This monument is at the site of one of the first major battles that took place in the American Revolutionary War.
In 1774, a wooden pillar 18 feet high was built, and then in 1823, it was decided to construct a bigger and more permanent structure to mark the Battle of Bunker Hill. The structure that you can see today was completed in 1882. Bunker Hill monument is a 221-foot high granite obelisk-shaped structure. There are 294 steps leading up the hill where you will reach the base of the monument. The views are amazing and worth the effort to climb to the top.
On June 17, 1775, General William Howe's British troops advanced towards the patriot forces defenses that were positioned on the Charlestown Peninsula. A legend says that Col. William Prescott had advised his soldiers not to fire on the troops "until you see the whites of their eyes." This order may or may not have been given, but it shows the men's determination as they came up against the very experienced and well-trained British soldiers. The colonists did lose the battle here, but they were able to hold off two British assaults and inflicted many fatalities before being driven back.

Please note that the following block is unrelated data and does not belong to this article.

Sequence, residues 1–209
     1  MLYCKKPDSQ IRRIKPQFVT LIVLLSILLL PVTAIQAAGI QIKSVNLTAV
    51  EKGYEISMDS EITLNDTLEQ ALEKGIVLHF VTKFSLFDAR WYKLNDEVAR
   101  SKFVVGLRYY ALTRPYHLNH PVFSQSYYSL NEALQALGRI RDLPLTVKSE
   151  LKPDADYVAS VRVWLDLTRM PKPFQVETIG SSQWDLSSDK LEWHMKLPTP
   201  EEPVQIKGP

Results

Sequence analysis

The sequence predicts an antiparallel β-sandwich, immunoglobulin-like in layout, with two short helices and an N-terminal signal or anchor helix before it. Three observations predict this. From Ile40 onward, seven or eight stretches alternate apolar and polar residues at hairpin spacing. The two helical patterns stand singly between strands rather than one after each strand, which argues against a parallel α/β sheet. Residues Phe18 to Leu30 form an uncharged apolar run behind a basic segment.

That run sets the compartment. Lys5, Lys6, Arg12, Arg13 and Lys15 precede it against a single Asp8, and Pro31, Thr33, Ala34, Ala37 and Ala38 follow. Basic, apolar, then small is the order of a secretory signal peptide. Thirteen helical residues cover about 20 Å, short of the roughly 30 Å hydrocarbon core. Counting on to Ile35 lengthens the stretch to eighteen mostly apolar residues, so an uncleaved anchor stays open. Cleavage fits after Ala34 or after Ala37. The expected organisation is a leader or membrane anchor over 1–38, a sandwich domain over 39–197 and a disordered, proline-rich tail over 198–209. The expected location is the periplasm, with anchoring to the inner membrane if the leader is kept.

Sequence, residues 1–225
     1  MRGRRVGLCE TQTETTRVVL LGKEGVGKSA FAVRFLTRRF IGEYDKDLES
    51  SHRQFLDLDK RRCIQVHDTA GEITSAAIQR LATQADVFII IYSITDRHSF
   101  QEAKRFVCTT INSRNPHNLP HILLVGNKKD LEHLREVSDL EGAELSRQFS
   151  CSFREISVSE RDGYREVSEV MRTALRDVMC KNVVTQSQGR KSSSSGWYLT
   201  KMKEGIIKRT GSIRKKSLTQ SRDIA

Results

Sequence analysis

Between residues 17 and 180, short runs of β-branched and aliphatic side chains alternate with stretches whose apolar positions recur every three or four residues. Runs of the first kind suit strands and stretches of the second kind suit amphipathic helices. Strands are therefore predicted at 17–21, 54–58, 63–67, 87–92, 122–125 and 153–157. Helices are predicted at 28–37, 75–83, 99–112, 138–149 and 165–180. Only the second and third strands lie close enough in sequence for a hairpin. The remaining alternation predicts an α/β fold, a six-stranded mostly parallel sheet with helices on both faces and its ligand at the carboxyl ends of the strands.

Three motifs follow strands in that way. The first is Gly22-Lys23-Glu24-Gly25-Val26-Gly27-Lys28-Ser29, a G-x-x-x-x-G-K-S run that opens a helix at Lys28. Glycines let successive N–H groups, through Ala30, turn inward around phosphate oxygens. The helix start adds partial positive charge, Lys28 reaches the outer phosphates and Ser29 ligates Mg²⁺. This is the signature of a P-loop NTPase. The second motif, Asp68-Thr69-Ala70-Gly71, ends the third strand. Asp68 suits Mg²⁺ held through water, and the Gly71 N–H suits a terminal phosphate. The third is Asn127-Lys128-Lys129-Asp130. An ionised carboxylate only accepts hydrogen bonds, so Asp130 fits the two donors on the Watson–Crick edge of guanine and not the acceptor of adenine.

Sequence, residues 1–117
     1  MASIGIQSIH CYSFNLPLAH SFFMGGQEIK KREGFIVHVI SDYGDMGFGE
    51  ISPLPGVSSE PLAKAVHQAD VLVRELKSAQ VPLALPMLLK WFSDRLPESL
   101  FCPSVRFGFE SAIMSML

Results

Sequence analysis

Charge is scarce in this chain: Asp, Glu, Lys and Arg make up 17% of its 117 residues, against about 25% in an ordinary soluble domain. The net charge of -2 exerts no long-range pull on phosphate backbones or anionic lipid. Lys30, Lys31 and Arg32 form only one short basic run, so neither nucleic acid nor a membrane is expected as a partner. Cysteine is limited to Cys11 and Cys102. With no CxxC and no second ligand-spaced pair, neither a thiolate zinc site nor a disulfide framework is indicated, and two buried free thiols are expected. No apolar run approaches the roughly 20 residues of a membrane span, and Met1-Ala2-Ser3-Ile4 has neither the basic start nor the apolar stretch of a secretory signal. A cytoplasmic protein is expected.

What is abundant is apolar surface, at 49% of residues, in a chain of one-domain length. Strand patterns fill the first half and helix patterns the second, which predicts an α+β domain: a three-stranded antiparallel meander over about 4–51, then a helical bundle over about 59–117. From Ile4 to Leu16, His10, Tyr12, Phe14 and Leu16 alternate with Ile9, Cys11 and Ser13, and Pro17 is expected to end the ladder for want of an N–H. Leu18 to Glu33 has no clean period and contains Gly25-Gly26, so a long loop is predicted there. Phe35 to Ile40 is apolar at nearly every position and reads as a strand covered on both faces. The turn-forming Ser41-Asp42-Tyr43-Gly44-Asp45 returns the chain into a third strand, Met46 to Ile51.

The monument is set on the hill to commemorate this major battle of the American Revolution. As you climb inside the monument, there are markings along the steps to show how far along you are on the climb. There are glass windows at the top of the monument but no open-air deck to stand on. Upon arrival, head to the museum across the street. This is where you can get a pass to climb the tower. The museum also has some exhibits that tell the story of the Battle of Bunker Hill and the history of the Charlestown community. One of the main features is a 360-degree cyclorama mural of the battle. This is a great historical site to visit, be sure to stop by if you're in Boston.